I will miss it this year (travel conflicts) but here’s how YOU TOOK ADVANTAGE OF ME rocked the barn last year:

I hope to see many of JAZZ LIVES’ readers and friends in Evergreen.

May your happiness increase!

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DID YOUR RECENT BLOOD TEST SHOW DECREASED GROOVE LEVELS? JAZZ LIVES IS HERE TO HELP (Redwood Coast Music Festival, May 12, 2019)

When I feel poorly, the conventional choice is this (with all respect to my internist, not pictured here):

I prefer this medical group, photographed at their 1936 convention:

A similar gathering of holistic groove-healers, inspired by Ammons and Basie, assembled on May 12, 2019, at the Redwood Coast Music Festival: doctors Carl Sonny Leyland, piano; Little Charlie Baty, guitar; Marc Caparone, cornet; Clint Baker, string bass; Jeff Hamilton, drums. “Young J.C.” is James Caparone, himself.

With thanks to Mark and Valerie Jansen, patron saints of Redwood Coast sounds, where musicians not only know how to spell RHYTHM but make it jump.

May your happiness increase!

“MAY I SWING YOU A SONG?” DAVE STUCKEY and the HOT HOUSE GANG at the REDWOOD COAST MUSIC FESTIVAL: DAVE STUCKEY, MARC CAPARONE, NATE KETNER, CARL SONNY LEYLAND, WALLY HERSOM, JOSH COLLAZO, DAWN LAMBETH (May 10, 2019)

Dave Stuckey knows how — how to put together a hot congenial swinging band, how to sing in a convincing heartfelt Thirties style that engages an audience, how to find rare material . . . how to put on a show that doesn’t require his dad’s barn (although he will work in barns for the right offer).  He is comic without being jokey, and his friendly approach to the band and to us is heartfelt, not a series of ad-libs.  He’s having fun, and we feel it also.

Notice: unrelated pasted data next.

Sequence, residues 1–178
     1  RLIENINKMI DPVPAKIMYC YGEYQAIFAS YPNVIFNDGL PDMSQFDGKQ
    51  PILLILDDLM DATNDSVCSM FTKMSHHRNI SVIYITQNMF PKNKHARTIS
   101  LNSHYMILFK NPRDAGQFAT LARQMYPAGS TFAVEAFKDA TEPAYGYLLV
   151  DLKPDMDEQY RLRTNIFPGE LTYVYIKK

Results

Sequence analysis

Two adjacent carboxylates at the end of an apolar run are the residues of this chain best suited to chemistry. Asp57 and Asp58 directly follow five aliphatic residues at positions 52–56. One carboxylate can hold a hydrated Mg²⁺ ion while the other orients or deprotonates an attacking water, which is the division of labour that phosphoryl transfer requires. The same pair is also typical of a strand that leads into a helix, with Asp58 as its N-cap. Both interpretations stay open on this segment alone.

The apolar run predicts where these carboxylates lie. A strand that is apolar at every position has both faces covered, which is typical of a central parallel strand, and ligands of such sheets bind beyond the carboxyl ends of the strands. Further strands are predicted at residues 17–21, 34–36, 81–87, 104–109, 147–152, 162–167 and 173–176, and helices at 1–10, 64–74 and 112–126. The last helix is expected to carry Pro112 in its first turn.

He showed off all these talents with the Hot House Gang at this year’s Redwood Coast Music Festival — the Gang being Josh Collazo, drums; Wally Hersom, string bass; Carl Sonny Leyland, piano; Nate Ketner, reeds; Marc Caparone, cornet; Dawn Lambeth, vocal.  Here are seven tunes — count ’em, seven! — from the Gang’s first set.

Here’s melodious Dawn to sing a rare tune I associate with Henry “Red” Allen, which is always an asset, I’LL SING YOU A THOUSAND LOVE SONGS:

In the wrong hands, EXACTLY LIKE YOU can sound overfamiliar and thus dull, but not in these hands — those of Dawn and the Gang, helped immensely by Father Leyland’s righteous groove:

I confess that I’ve heard many versions of WHAT A LITTLE MOONLIGHT CAN DO that made me mutter to myself, “Not much,” but this performance gets at the heart of the ebullience of the Billie Holiday records of the Thirties, thanks to glorious playing by the band as well as Dawn’s choice to sing the song rather than the record.  Those riffs, those riffs!